Why should the exact same treatment for pneumonia cost $5,000 in one building and $124,000 in another? Or the exact same infusion drug for a chronically ill patient that requires them every six weeks cost $14,000 per shot in one setting, but $28,000 down the street? Why should patients have to pay so much more, simply based on where they park their cars? The answer is simple: they shouldn’t.
A recent Gallup poll and a poll done shortly after 9/11 shed light on how healthcare’s hyperinflation and under-performance is fueling the Trump and Sanders phenomena. Financial anxiety and a general sense that things aren’t working sow the seed for movements. On the bright side, the horrible under-performance of how healthcare gets purchased and delivered has caused a few positive responses already
When it comes to the rising cost of medical care, Dr. Linda Girgis is quick to identify one of the most problematic symptoms: Patients who keep their mouths shut.
As a self-employed consultant and person of faith, David Schneider chose in 2012 to enroll his family in a health-care sharing ministry to cover their medical costs. Since then, Schneider’s family has received help with tens of thousands of dollars in medical expenses for surgeries on his legs and a son’s broken collarbone. In exchange, the family pays about $700 monthly, and the ministry is not responsible for the first $1,250 of medical expenses annually. The 54-year-old Columbus man’s experience has made him a convert to the increasingly popular alternative to traditional health insurance. In fact, Schneider said he convinced his new employer to offer taxable lump sums that employees can use to buy ministry memberships in lieu of joining the company’s health-insurance plan.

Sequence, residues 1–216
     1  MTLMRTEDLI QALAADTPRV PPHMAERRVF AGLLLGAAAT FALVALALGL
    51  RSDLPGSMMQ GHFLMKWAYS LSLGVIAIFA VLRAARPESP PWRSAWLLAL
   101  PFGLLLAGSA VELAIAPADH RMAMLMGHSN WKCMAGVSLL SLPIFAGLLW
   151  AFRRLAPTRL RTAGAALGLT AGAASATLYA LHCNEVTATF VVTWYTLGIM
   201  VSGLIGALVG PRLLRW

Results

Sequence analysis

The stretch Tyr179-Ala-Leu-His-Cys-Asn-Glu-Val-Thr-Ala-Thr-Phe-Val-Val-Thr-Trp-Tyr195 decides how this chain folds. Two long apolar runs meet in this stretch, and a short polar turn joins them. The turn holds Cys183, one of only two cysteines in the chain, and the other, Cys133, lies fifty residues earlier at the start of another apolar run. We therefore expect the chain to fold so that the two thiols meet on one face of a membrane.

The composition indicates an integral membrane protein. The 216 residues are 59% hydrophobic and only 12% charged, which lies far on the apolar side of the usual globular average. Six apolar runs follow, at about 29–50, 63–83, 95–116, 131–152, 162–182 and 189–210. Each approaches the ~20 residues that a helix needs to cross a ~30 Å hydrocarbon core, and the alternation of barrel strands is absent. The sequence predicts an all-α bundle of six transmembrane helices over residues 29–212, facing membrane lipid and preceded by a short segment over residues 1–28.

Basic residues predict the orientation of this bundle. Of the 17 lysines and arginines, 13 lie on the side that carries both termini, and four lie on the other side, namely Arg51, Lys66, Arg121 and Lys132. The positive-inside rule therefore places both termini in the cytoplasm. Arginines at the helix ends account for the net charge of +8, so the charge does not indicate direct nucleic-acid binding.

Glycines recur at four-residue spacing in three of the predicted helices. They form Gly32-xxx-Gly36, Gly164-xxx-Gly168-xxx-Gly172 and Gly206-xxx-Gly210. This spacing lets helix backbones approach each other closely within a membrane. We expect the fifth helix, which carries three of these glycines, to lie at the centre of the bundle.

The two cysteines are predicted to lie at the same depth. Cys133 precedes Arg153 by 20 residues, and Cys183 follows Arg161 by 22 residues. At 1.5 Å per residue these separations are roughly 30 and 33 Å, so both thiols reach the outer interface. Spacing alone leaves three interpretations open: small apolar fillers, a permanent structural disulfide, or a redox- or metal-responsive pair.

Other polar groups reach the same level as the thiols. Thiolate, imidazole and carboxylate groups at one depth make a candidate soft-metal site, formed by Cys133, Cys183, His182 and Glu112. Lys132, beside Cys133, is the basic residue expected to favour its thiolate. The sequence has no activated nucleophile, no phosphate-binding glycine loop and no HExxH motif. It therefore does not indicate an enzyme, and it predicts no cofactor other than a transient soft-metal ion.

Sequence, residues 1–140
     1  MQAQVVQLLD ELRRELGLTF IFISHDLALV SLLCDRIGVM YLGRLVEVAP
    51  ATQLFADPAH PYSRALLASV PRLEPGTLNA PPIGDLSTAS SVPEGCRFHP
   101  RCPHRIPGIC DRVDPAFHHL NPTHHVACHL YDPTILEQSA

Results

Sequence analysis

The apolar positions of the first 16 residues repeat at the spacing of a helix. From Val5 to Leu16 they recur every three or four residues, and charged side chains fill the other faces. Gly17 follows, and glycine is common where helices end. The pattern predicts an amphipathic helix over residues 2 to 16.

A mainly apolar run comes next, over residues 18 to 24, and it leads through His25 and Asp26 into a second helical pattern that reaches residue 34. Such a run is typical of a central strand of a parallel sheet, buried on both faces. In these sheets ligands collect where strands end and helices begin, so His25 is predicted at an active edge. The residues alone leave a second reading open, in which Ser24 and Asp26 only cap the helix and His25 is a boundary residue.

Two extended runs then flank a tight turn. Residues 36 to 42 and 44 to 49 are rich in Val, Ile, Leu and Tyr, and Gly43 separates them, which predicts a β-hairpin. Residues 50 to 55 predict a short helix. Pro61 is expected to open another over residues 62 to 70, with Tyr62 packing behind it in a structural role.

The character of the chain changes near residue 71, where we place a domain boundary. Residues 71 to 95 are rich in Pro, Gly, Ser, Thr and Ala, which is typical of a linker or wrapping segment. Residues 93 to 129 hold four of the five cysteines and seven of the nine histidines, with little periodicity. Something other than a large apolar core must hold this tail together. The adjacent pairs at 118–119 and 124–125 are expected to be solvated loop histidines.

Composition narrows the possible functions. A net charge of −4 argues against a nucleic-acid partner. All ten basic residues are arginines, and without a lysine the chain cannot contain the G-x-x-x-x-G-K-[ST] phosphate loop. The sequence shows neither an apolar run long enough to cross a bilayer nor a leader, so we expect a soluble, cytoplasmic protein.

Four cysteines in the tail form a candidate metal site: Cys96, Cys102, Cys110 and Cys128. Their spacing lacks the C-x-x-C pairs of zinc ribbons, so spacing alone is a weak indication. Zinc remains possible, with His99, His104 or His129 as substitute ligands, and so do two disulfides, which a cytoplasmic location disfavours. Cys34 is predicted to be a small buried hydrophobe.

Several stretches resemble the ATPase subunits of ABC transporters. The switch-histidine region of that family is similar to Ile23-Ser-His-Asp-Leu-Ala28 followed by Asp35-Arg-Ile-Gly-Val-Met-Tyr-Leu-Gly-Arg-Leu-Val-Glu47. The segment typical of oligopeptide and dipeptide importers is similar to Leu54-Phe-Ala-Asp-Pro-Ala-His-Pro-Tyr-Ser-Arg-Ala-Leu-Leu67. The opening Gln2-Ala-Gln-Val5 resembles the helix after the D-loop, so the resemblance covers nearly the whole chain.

You're going to pay more for your health care this year, through rising premiums, more co-pays, higher deductibles or balance billing, which is when your doctor bills you for what the insurance company won't pay. The average deductible for 80 percent of people with private insurance was $1,217 in 2015, according to the nonpartisan Kaiser Family Foundation. That's 47 percent higher than the average deductible in 2009, and more Americans are choosing higher deductibles next year in exchange for lower premiums. Bottom line: Health care spending will rise 4 percent in 2016. Disturbingly, there is little correlation between what a procedure costs and how much a provider bills for it, according to researchers at Yale University. Health insurers, hospitals and doctors say they must charge whatever the market will bear to stay in business, which means also turning a profit. If that's the case, patients have no choice than to demand lower prices, expect fairer billing and, whenever possible, shop around for the best deal.